The Kakeya conjecture posits that any Kakeya set in $\mathbb{R}^n$ has dimension $n$.

A discrete (finitized?) version of this problem is the Finite Field Kakeya conjecture, which was proved by Dvir in 2008.

My understanding is that the Finite Field Kakeya Conjecture was proposed at the end of the twentieth century with the hope that it would lead to methods that could be applied to the original Kakeya conjecture. However, it seems that in this case the approach used for resolving the discrete analogue is not easily applied to the original problem, so that the Kakeya conjecture still remains open.

My question is asking for examples of problems where discretizing "succeeded."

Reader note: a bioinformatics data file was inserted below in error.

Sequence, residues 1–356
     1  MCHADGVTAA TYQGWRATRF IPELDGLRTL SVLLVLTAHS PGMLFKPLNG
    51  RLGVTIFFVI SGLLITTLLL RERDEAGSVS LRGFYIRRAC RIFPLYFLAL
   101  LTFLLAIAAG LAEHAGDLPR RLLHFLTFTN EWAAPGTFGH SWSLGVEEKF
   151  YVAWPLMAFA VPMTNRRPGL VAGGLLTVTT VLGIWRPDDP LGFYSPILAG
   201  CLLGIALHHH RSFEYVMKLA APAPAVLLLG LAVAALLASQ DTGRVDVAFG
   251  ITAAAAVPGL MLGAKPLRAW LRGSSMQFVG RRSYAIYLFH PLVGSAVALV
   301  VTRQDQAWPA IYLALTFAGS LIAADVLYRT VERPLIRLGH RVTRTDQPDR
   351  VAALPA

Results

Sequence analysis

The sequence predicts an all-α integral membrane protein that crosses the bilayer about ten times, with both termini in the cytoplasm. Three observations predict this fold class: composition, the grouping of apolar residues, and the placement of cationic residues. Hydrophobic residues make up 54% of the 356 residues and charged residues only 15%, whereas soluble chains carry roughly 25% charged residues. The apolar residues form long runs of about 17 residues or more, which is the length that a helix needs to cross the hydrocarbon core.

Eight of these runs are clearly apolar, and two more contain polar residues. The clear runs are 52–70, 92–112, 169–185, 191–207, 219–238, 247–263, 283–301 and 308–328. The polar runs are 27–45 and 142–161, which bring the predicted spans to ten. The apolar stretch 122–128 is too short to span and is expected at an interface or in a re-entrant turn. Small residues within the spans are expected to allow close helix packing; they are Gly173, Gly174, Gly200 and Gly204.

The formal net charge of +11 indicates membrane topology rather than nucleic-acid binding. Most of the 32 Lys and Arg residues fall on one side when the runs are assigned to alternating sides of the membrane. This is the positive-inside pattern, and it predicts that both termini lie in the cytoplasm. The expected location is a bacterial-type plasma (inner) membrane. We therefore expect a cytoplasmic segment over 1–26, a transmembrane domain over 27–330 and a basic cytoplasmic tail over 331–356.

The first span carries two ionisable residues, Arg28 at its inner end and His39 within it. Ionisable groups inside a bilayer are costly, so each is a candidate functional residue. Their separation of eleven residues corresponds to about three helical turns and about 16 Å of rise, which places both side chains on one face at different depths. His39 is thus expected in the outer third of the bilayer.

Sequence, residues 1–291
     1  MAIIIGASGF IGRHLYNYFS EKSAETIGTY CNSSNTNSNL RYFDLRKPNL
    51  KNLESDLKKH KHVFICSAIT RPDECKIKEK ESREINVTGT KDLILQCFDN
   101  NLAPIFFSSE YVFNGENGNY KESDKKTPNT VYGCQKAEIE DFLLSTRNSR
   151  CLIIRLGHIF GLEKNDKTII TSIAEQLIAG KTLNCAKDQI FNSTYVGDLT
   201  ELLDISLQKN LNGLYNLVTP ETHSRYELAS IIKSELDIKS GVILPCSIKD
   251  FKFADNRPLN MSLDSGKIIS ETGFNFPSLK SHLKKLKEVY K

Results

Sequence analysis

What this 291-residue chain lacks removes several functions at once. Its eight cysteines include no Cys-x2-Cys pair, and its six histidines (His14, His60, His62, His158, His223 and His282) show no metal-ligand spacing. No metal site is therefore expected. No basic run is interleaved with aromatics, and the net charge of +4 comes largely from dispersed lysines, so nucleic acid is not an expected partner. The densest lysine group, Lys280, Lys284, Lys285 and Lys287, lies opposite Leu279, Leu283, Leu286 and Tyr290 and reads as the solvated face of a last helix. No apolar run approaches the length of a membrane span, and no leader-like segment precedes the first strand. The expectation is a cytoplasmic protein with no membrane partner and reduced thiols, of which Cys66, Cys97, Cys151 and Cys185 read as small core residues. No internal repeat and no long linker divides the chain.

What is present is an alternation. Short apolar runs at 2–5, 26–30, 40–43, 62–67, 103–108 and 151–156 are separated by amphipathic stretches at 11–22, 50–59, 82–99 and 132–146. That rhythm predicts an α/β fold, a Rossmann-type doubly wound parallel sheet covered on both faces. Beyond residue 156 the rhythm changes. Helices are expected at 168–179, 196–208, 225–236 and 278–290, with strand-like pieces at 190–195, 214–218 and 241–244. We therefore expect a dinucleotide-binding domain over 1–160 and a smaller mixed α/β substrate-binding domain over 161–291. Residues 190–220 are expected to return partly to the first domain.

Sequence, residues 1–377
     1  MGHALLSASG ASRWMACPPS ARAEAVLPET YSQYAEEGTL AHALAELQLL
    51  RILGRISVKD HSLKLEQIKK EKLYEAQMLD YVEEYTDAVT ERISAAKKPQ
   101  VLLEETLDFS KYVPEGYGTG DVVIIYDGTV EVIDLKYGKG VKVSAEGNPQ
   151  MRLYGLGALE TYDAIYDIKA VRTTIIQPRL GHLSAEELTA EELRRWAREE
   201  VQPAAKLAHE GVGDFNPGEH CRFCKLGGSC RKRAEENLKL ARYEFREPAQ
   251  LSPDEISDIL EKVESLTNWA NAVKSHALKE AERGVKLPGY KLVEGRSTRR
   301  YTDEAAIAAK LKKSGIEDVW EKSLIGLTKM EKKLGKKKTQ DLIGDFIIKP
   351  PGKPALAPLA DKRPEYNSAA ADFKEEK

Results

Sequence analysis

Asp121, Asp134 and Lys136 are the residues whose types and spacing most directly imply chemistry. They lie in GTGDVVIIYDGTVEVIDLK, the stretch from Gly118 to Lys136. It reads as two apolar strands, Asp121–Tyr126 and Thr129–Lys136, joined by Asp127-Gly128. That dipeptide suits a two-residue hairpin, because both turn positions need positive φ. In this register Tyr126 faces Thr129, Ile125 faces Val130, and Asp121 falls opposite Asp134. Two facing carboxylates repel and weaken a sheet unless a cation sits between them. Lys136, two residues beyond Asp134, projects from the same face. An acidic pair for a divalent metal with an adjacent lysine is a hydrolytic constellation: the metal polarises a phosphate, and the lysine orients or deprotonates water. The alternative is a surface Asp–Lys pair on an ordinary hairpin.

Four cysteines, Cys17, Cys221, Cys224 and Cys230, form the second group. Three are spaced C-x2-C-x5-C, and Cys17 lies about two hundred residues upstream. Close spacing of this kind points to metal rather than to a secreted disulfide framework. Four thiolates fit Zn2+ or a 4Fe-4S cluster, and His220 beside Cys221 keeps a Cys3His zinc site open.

**Question:**
Are there examples of math problems where looking at a finite or discrete variant of the initial statement *did* lead to a solution (or if not a complete solution, at least significant progress) of the original problem?
If so, what are they?

**Edit:**

As commenters pointed out, this question is similar to the one here which requests examples where a discrete version of a theory was developed before the continuous version of the same theory.

My question is different from that previous question, in that I am not interested in cases where discrete problems predated continuous problems.
Instead, I'd like to learn about instances where a continuous problem was *already* proposed, and studying a discrete version of that problem helped inform a solution to the continuous variant.

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